ITINERARY: Tejada la Vieja - Riotinto - Pozuelo - Trigueros - Huelva - Saltés.
Towards 800 BC a remarkable culture existed in western Andalusia. Connected by trade with the Phoenicians, Tartessus developed; the mythical king Argantonio - king of silver - reigned over the kingdom.
Many communities were devoted to the iron industry, trade and farming. However, the province of Huelva is rich in ore and silver and copper mining has left a deep mark of social, economic and lanscape transformation, right from the Bronze Age in Tartessus, under the Romans, during the Msolem domination, up to the presence of English mining companies in the 19th century.
The village of Tejada (Escacena del Campo) is the only place that can give us a complete idea thanks to the town walls and layout existing from the 7th to the 4th century BC. Riotinto is at the centre of these mining activities throughout.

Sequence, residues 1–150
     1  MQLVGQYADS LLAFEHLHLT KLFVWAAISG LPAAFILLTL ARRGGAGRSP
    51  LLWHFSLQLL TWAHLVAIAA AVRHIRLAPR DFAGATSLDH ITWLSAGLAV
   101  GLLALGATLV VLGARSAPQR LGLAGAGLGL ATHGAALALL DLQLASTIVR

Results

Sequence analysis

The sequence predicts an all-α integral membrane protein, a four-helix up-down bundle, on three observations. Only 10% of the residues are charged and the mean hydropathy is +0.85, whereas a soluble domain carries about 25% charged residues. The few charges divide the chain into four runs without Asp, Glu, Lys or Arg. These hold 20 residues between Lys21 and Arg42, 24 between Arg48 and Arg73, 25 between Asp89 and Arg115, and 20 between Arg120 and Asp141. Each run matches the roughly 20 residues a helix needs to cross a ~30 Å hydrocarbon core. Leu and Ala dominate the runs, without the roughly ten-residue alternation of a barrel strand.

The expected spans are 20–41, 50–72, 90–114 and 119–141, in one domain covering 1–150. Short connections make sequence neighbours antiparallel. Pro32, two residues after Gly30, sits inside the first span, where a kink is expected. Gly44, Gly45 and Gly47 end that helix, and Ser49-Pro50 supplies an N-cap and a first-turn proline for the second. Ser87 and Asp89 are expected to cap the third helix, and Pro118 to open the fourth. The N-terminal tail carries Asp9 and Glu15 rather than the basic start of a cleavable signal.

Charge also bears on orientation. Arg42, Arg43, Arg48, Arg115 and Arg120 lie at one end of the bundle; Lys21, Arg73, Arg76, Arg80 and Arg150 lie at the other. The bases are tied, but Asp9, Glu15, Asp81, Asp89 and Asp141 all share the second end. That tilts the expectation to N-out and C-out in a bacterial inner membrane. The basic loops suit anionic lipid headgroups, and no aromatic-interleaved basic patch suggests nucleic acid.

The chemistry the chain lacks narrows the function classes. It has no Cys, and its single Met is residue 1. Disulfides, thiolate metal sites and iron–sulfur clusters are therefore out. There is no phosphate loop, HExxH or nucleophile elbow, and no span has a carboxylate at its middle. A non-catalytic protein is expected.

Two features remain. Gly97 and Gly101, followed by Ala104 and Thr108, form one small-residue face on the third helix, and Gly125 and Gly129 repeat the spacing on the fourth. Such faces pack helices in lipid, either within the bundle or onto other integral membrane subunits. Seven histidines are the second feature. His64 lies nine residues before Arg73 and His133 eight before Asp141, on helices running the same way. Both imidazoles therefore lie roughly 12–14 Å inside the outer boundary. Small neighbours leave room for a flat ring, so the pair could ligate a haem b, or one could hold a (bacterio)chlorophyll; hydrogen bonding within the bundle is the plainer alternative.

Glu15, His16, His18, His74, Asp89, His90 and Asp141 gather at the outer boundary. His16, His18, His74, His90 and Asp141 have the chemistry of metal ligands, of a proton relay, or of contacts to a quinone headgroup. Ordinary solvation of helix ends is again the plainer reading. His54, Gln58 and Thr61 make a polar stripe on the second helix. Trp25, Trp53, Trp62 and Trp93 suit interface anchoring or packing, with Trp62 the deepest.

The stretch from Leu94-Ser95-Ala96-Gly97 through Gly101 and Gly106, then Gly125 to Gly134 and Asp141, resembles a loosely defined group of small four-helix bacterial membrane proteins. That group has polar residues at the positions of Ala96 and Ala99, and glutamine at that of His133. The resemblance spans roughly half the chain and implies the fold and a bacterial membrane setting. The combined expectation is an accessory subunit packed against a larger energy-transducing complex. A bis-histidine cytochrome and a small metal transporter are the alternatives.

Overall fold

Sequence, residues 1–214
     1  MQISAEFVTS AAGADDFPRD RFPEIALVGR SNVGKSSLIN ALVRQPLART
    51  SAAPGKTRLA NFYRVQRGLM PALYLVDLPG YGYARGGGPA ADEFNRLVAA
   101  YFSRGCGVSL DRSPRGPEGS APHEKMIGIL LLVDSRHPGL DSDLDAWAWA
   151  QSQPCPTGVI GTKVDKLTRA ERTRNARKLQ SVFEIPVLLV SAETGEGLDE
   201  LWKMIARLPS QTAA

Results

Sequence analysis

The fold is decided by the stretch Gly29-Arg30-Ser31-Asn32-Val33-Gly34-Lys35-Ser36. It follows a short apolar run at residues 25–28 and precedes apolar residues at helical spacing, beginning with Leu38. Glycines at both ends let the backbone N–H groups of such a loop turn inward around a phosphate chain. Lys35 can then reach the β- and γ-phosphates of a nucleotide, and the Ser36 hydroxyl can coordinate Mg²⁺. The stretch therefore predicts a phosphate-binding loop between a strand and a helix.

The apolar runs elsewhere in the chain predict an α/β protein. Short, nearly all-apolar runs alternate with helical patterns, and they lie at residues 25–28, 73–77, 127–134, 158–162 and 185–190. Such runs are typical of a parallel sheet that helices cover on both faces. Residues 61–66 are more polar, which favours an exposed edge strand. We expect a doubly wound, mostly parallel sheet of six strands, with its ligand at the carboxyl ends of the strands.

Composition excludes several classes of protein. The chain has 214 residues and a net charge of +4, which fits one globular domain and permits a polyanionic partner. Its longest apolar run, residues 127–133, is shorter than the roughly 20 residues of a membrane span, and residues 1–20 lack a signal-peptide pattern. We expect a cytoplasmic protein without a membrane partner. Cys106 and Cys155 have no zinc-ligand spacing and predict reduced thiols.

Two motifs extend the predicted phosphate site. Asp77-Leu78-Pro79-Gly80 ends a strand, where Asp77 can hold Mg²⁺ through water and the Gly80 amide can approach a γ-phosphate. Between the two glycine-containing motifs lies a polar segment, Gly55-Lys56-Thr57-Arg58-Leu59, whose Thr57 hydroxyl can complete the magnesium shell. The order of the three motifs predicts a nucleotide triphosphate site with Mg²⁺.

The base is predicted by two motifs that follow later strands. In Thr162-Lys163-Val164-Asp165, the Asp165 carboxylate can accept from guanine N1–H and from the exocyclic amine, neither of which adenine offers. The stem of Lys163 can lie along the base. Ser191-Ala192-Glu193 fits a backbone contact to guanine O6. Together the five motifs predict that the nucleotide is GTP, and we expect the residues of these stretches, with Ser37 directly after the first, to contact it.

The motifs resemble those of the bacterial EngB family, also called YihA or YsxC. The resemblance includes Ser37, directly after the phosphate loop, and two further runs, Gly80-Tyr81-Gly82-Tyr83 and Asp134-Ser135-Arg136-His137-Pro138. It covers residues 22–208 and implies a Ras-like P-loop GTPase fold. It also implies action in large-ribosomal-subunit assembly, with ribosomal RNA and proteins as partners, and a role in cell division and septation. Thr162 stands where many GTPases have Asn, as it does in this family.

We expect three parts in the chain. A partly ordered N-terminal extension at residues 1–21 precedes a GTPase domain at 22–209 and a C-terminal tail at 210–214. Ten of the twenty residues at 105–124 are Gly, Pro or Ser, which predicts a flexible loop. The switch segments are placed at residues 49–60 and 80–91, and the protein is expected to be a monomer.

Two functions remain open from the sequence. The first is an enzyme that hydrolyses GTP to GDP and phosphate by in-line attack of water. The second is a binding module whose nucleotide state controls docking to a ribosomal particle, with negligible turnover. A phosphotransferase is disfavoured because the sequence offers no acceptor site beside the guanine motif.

Victorian architecture and gigantic open air mines exist side by side with ancient Tartessian and Roman pits and slag heeps. The Mining Museum depicts this part of the area's evolution. Further on, after Zalamea la Real, the dolmens at El Pozuelo are part of a series of group burials of the first metal cultures from the Bronze Age (4th and 3rd centuries BC); the Soto dolmen at Trigueros is outstanding.
The museum at Huelva has splendid items that once belonged to the Tartessian chieftains, bronzes of oriental inspiration and Phoenician and Greek ornaments, in sharp contrast wwith the mineral loading wharf built by the English in the port. A Moslem mining town from the 11th and 12th centuries is being excavated on Saltés island. Tartessian objects - pottery, stelae, the fabolous golden treasures found at El Carambolo, E bora and Mairena, and a small statuette of the Phoenician goddess Astarté.